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Viking Antler, Bone and Ivory Work

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Viking Antler, Bone and Ivory Work

Bone and antler objects occur throughout the Viking world. Bones of pigs, cattle, horses, goats were used, and antler came from deer or elk.

Needles and pins could be produced in a different shapes and sizes to serve a variety of purposes such as sewing clothes, nalbinding (a Scandinavian technique for making a strong, elastic fabric), net-making, securing a cloak, etc.

Other products included spindle whorls, weaving tablets, needle cases made from small long hollow bones, knife handles, strap ends, gaming pieces, bone flutes, and ice skates.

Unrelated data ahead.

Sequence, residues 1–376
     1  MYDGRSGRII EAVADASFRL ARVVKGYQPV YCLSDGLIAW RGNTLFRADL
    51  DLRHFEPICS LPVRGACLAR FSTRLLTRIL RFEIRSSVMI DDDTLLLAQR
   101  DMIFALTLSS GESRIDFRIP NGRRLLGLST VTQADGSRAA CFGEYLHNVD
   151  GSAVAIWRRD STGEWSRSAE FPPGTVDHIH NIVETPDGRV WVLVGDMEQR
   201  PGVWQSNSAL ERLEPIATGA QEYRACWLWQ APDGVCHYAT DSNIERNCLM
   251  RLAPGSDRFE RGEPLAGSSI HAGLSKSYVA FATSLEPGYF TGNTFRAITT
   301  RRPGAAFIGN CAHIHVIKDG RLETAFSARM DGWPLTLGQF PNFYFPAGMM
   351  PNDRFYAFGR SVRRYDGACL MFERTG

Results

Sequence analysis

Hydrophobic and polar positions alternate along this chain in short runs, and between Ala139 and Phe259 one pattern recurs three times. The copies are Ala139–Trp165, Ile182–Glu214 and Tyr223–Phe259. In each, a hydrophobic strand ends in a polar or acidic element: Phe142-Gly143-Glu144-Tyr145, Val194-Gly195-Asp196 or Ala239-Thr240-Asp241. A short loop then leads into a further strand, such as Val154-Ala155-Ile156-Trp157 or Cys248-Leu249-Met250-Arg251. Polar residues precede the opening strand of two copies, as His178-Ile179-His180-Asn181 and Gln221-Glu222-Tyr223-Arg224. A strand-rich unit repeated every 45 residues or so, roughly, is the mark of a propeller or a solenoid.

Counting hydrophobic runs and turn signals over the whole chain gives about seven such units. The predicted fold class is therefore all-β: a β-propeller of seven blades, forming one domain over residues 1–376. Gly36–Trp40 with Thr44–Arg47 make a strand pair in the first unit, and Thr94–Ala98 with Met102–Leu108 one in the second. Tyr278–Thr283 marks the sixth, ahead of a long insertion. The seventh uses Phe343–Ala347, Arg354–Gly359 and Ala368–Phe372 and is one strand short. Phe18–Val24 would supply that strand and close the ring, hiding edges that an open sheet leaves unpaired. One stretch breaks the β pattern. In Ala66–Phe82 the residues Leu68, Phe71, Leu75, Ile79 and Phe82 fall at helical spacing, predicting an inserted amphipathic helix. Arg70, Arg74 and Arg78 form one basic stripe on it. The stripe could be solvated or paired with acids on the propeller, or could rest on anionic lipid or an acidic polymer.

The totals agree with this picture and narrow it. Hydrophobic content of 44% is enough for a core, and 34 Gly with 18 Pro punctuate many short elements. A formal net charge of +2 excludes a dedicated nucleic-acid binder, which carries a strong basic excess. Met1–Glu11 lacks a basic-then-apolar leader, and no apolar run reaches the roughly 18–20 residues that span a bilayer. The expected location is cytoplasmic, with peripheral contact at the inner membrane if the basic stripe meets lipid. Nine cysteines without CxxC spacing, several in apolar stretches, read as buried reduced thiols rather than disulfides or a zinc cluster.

Combs were also made and could be quite basic (such as the comb from the boat burial at Scar, Orkney), or very ornate and decorated. Even the basic combs required considerable work, as the teeth can to be cut separately into bone plates which were fitted into the handle pieces.

See also:

Bone and antler combs

Whale bone could be used for special objects such as the decorated linen smoother from the Scar boat burial. While whale teeth and walrus ivory could be used for objects such as the Lewis Chessmen.